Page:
MHA officials top list of complaints received by Central Vigilance Commission

In its annual report for 2022, the commission also listed various instances of non-compliance with its advice, as well as the types of punishment given to officials in penalty proceedings.

New Delhi: In its latest annual report, the Central Vigilance Commission (CVC) said that home affairs ministry employees made up the largest target of complaints it received in 2022.

Of a total of 1,15,203 complaints it received against Union government employees, the CVC said that 46,643 (~41%) were against home affairs ministry employees.

The railways sector was at a distant second with 10,580 (9%) complaints against its employees.“Banks” employees were a source of 8,129 complaints, the Delhi government of 7,370 and “Coal” of 4,304.

Interestingly, the CVC is an apex anti-corruption agency that oversees the vigilance administration of Union government organisations.

Established in the spirit that the “administration [cannot] be a judge of its own conduct”, the CVC is not controlled by any Union ministry and is responsible only to parliament.

Notably, among other functions, it provides ‘vigilance clearances’ to certain senior government officials and processes complaints against government employees, following which it communicates its advice on action to be taken in appropriate cases.

However, the commission said in its most recent annual report that there had been “significant deviations” or non-compliance with its advice.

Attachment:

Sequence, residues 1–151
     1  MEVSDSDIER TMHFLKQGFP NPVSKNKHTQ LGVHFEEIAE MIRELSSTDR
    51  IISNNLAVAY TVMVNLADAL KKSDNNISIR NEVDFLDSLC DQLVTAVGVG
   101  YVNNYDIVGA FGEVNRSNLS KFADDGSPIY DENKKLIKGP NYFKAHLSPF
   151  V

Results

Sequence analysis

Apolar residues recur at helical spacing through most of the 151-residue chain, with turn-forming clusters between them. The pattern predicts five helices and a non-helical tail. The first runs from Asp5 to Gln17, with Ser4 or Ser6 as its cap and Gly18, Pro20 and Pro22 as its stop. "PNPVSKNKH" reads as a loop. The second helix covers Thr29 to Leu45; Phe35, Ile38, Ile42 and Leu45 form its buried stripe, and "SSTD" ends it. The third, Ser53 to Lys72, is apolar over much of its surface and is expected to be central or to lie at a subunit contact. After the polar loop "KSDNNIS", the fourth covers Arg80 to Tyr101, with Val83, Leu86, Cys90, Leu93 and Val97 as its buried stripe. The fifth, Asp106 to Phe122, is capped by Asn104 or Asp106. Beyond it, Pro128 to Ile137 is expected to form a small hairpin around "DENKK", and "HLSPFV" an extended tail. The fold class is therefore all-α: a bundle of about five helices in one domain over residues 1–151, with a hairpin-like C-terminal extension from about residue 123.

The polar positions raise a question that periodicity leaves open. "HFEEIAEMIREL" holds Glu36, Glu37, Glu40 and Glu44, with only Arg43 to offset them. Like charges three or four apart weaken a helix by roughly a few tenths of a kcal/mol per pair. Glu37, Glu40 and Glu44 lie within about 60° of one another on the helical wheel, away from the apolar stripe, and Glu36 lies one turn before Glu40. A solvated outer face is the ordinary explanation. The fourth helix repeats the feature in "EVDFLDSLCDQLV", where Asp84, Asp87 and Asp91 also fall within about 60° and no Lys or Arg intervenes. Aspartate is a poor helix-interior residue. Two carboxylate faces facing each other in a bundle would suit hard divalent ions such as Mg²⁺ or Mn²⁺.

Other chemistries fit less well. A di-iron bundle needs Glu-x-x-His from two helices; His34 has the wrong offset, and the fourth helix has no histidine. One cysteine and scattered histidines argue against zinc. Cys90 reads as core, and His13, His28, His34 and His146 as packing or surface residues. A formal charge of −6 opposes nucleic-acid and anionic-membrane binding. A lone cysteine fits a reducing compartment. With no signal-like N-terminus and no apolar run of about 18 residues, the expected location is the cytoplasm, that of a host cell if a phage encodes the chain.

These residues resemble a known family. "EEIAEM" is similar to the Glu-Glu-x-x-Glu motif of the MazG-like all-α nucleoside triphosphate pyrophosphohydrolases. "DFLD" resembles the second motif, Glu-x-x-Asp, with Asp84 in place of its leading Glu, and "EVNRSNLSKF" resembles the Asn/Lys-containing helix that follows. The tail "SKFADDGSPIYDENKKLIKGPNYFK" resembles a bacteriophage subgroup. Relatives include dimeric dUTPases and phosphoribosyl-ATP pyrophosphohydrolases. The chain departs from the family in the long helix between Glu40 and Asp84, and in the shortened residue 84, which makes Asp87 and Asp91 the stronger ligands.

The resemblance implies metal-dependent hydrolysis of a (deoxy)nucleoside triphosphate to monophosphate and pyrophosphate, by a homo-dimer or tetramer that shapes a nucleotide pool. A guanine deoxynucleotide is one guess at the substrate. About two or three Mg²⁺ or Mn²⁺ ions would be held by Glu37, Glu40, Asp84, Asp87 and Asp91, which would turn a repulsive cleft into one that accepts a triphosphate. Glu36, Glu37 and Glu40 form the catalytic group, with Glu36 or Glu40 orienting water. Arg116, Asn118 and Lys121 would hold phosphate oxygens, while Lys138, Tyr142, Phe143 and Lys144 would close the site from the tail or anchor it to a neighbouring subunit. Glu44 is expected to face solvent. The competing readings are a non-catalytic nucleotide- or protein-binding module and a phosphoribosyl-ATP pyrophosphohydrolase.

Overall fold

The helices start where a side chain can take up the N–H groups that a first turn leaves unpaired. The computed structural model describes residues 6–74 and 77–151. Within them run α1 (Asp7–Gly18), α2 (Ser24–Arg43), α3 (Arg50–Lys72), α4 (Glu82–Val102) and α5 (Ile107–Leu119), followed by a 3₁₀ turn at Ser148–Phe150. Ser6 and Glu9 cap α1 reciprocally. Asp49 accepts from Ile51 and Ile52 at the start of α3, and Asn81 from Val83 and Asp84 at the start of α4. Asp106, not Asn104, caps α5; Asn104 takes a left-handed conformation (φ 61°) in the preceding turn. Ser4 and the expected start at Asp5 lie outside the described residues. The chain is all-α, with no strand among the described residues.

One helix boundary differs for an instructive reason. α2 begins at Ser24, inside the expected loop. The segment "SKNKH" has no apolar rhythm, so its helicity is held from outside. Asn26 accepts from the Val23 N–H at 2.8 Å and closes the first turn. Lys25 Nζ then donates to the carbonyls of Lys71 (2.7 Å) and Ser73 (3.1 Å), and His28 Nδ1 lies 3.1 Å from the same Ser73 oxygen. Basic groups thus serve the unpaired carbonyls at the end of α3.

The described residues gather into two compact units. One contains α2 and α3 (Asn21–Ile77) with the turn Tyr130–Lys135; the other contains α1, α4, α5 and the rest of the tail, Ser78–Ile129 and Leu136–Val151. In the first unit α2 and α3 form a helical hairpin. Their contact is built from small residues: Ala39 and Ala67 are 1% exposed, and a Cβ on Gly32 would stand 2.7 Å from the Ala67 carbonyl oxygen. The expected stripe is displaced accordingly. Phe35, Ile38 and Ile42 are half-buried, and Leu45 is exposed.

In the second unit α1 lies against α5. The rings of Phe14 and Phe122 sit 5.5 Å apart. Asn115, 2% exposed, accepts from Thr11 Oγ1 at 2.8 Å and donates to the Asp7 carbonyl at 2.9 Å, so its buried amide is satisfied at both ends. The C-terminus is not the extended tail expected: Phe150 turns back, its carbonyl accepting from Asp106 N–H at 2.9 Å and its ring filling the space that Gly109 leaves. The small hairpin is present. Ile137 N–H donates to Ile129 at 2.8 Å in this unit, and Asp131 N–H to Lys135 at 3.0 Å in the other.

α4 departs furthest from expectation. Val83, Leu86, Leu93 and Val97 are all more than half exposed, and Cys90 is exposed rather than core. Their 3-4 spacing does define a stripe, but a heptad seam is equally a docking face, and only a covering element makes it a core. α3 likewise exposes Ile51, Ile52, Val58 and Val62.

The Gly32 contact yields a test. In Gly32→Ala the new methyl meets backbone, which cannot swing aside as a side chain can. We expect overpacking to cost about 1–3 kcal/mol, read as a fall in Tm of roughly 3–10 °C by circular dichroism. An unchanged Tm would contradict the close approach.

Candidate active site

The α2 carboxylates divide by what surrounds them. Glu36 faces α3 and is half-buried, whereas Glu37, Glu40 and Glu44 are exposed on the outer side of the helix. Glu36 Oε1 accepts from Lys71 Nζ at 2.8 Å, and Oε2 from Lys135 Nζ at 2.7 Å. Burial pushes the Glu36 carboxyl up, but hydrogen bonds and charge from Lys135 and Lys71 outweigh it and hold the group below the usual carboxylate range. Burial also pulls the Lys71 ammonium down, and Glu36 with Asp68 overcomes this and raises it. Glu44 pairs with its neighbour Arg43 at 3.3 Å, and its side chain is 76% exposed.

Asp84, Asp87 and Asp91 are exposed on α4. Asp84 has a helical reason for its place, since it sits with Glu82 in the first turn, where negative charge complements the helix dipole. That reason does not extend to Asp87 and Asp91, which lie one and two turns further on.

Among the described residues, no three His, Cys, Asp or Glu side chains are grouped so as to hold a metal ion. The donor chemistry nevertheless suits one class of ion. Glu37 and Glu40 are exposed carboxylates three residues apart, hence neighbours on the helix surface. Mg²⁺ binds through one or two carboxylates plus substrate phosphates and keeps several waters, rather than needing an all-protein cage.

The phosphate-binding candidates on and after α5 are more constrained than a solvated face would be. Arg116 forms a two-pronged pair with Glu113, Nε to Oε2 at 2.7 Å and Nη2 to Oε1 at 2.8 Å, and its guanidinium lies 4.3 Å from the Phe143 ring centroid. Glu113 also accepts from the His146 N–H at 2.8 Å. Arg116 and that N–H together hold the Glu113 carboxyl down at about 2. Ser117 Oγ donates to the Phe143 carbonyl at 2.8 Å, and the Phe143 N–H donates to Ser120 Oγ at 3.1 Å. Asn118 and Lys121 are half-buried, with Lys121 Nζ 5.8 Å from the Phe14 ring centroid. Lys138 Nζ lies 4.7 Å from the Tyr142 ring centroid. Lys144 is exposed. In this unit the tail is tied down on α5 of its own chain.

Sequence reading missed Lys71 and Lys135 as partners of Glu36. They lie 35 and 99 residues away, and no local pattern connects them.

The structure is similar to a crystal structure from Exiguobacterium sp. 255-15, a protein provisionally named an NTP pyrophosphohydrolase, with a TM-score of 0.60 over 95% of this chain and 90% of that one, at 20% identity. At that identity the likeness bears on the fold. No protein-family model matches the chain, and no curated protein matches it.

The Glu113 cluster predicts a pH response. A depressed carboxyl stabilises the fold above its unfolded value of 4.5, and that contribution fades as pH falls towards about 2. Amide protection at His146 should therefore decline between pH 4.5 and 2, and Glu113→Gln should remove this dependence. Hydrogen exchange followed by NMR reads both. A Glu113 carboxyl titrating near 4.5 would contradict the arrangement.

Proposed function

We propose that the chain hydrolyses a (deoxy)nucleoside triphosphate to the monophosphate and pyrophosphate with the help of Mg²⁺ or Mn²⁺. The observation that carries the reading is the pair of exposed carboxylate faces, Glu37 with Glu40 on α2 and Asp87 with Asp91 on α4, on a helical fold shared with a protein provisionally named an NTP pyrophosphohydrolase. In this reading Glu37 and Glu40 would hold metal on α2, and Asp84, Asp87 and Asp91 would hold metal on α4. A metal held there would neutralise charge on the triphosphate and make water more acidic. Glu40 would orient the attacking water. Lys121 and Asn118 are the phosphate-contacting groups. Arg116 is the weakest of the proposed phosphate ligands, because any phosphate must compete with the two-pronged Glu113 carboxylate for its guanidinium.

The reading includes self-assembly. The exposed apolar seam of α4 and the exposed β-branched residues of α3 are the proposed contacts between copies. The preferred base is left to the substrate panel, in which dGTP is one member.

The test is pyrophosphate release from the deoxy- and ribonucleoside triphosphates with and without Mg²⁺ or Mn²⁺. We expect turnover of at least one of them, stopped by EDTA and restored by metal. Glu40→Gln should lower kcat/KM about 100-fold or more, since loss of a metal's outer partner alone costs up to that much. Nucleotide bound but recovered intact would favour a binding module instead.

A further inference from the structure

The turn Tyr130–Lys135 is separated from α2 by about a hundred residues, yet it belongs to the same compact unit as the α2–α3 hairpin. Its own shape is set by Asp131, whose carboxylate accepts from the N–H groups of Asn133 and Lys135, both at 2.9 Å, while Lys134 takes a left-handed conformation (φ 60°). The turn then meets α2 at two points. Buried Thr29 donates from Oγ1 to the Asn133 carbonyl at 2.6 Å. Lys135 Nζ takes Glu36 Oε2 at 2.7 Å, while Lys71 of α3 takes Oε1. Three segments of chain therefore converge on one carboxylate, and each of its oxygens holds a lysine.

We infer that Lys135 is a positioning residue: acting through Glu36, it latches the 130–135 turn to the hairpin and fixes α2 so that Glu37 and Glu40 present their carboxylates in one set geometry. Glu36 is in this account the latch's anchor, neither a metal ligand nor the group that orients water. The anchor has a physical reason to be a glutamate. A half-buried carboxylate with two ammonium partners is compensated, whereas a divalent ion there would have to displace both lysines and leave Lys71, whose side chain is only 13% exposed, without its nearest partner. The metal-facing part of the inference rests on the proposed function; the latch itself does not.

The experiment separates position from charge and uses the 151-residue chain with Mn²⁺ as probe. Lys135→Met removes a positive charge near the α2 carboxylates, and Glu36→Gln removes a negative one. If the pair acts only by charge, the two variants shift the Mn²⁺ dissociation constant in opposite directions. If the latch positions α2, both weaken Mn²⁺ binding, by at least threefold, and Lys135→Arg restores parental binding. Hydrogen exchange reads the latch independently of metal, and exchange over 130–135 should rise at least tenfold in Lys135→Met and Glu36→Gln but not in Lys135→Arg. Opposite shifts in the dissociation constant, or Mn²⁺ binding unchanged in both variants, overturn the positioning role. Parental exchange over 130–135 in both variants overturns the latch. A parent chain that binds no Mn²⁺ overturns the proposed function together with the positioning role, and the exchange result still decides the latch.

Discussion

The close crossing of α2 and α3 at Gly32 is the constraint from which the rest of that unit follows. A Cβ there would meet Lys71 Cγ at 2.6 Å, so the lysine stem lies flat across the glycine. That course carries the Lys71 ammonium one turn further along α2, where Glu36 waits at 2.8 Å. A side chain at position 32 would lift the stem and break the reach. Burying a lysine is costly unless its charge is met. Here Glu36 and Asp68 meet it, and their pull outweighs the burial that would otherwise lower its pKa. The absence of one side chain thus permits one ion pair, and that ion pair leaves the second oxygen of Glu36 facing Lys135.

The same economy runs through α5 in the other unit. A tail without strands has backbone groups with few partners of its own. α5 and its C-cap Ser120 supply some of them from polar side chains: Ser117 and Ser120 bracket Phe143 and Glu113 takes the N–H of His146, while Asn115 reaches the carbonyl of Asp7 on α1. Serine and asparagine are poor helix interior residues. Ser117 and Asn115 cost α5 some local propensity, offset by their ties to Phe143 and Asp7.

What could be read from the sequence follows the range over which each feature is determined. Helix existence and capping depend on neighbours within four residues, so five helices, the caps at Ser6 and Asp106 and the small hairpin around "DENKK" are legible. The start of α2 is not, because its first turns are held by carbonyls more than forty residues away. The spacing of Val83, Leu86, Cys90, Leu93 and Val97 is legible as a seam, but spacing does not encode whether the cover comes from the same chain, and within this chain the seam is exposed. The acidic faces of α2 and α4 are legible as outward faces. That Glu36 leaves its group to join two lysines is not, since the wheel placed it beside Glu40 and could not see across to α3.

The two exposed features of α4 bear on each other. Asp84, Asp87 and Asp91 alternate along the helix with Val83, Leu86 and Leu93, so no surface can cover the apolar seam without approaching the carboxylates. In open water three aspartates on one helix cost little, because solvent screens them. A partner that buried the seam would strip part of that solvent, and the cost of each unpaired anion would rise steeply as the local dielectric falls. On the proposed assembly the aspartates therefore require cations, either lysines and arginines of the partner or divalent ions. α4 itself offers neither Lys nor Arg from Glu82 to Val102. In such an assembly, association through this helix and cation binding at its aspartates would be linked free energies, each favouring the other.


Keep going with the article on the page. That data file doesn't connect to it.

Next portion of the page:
“In some cases of officers covered under the Commission’s jurisdiction, either the prescribed consultation mechanism with the Commission was not adhered to, or the authorities concerned did not accept the Commission’s advice,” it stated in the report.

“Further, there have been instances where the advice tendered by the Commission has been substantially diluted without approaching the Commission for reconsideration of its advice, as per extant procedure,” it continued to say.

One example the CVC gave of improper following of procedure with its advice was the delaying of taking action against some delinquent officers.

“Some organisations take more than the prescribed time for implementation of Commission’s advice which includes delay in issuance of charge sheet. Sometimes, the delinquent officer is allowed to retire, and the misconduct becomes time barred for initiation of departmental action,” the watchdog said.

In one of the appendices to its annual report, the commission recorded the type of punishment that was given to government employees from various sectors following penalty proceedings in 2022.

As for the Union home affairs ministry, the commission said that the following punishments were given to its employees after major penalty proceedings:


A majority of employees in these cases had no action taken against them, unspecified “major penalties” handed out, or were given warnings.

And the following are the results of minor proceedings against home affairs employees:


No action was taken against employees in the vast majority of minor penalty proceedings.

The Union home affairs ministry is currently led by BJP leader Amit Shah.


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